Scottish National Dictionary (1700–)
HAIRSE, adj. Also hearse; herse; haerse (Kcb. 1901 Trotter Gall. Gossip 56); hairsh, he(a)rsh, hyirse, hyirsh (Rxb. 1923 Watson W.-B.); hersche (s.Sc. 1859 J. Watson Bards of the Border 106); haiss (Cai. 1902 E.D.D.); harse. Hoarse, used of both voice, etc. and person. Gen.Sc. Also used fig. and adv. [Sc. he:rs, herʃ; Cai. he:s]
Ayr. 1786 Burns Earnest Cry ii.:
Alas! my roupet Muse is haerse! Sc. 1818 Scott H. Midlothian xxix.:
Weel, Jeanie, I am something herse the night, and I canna sing muckle mair. Slk. 1874 Border Treasury (19 Sept.) 96:
Then his voice fell low again, an' I could hear what he said, altho' he was quite hersh an' roopit. Sh. 1898 “Junda” Klingrahool 51:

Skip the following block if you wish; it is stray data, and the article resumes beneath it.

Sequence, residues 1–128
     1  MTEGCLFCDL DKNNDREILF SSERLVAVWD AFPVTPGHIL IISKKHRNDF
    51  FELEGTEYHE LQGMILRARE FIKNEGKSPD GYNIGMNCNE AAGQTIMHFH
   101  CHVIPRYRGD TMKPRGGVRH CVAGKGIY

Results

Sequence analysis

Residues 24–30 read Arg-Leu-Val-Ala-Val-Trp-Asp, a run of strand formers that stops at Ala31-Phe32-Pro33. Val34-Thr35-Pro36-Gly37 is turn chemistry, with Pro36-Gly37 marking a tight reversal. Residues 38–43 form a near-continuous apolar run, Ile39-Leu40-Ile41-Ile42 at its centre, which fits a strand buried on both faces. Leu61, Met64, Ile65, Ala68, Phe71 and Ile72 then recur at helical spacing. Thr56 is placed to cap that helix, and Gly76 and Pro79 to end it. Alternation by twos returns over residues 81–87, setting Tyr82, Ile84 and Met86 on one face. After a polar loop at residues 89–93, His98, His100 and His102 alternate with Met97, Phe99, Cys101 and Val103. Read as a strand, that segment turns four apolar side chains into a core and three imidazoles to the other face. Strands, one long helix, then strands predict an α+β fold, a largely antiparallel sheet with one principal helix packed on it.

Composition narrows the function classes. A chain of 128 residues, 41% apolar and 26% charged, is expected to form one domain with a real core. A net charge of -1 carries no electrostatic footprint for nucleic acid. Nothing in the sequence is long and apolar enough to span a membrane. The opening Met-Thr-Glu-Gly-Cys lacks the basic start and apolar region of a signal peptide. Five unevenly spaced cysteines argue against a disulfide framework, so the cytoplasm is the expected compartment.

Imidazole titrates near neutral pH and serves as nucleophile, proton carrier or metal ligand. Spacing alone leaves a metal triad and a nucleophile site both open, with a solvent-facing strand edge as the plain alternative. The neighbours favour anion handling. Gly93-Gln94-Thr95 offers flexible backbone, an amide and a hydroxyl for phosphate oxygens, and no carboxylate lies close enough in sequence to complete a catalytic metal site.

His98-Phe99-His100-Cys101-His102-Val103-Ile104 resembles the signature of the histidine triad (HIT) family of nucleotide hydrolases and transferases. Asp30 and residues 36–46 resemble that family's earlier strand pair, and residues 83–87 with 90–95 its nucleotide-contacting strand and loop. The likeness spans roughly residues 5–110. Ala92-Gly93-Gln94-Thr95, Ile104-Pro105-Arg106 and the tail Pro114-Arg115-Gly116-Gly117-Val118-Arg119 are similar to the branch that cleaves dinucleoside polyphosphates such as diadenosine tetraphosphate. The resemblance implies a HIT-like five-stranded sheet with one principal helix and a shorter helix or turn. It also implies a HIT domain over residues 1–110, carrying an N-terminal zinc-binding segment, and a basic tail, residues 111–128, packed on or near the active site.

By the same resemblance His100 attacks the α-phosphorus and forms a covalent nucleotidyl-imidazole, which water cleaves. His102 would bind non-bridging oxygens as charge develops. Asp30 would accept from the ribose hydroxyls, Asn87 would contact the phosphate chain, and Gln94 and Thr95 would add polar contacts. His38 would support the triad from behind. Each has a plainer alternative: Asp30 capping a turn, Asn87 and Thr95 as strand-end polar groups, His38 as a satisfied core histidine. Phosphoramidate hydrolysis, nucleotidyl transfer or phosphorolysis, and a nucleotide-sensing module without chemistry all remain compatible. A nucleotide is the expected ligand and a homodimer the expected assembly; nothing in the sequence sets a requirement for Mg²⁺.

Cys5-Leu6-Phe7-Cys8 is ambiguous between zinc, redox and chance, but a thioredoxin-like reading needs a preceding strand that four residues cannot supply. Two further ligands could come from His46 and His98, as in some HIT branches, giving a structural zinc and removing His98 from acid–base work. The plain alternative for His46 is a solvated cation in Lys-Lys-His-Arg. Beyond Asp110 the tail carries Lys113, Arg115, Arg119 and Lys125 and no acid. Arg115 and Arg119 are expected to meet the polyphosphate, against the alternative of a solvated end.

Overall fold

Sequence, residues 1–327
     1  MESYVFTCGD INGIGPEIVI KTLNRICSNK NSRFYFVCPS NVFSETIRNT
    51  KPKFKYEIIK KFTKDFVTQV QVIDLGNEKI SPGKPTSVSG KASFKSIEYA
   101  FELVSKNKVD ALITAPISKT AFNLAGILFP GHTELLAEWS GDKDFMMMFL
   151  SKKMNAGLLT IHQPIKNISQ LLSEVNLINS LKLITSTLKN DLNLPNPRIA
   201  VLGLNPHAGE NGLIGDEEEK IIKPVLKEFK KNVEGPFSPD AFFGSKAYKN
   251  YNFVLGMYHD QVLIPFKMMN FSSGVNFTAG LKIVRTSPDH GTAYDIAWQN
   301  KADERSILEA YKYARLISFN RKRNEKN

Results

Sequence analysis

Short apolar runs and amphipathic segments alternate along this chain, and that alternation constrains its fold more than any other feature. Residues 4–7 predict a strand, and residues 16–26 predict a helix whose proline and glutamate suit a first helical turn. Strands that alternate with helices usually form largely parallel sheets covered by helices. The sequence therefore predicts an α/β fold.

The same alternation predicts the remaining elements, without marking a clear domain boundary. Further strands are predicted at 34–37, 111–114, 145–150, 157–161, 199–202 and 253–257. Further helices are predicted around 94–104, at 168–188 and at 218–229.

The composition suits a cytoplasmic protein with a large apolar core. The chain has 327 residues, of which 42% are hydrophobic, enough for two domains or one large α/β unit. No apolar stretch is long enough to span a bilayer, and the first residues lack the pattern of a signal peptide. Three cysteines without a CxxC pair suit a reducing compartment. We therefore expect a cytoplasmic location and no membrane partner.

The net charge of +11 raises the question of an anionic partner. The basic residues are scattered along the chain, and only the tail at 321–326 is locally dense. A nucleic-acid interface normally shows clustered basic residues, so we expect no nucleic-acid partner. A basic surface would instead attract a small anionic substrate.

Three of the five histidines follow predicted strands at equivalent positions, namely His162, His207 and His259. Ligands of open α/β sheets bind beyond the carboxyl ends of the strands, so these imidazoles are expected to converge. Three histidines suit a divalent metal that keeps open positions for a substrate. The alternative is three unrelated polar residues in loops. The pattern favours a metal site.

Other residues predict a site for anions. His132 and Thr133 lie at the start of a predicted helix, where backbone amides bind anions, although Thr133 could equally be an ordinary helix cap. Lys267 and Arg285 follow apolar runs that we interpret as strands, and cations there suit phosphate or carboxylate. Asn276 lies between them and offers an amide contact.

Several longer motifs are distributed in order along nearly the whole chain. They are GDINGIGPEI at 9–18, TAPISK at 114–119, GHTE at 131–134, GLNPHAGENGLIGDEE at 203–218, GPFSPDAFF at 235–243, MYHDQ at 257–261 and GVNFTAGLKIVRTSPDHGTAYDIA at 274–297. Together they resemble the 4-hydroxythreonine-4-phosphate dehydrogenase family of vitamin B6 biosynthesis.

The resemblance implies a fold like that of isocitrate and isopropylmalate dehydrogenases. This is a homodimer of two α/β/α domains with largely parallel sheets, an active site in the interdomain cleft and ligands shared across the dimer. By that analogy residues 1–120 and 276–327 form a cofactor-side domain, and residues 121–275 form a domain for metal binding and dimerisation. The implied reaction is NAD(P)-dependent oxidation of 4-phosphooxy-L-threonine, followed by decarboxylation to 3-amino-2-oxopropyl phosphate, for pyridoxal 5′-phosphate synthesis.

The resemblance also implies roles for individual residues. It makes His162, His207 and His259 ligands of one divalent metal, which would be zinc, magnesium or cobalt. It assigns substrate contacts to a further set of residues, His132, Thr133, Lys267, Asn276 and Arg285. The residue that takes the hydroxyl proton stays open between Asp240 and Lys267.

I'm haerser noo, bit still I hae A wy — I'm hed hit aa my time. m.Sc. 1902 J. Buchan Watcher by the Threshold i. vi.:
I threepit till I was hairse. Abd. 1931 D. Campbell Uncle Andie 9:
Sma' winner Dooglie's throat's hairse — he's sic a yabbin' crettur.
Hence hairs(e)ly, hairselie; hearslie, hoarsely (Sc. 1825 Jam.); and hairseness, hoarseness (Ib.).
Peb. 1805 J. Nicol Poems II. 1:
Whan hearslie coos, in dell forlorn, The cuckoo just departin. Lnk. 1919 G. Rae Clyde and Tweed 62:
But Daith spak hairsely in a sair alairm, “That chap'll jouk me in the warl' below.”
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"Hairse adj.". Dictionary of the Scots Language. 2004. Scottish Language Dictionaries Ltd. Accessed 18 May 2021 <https://www.dsl.ac.uk/entry/snd/hairse>
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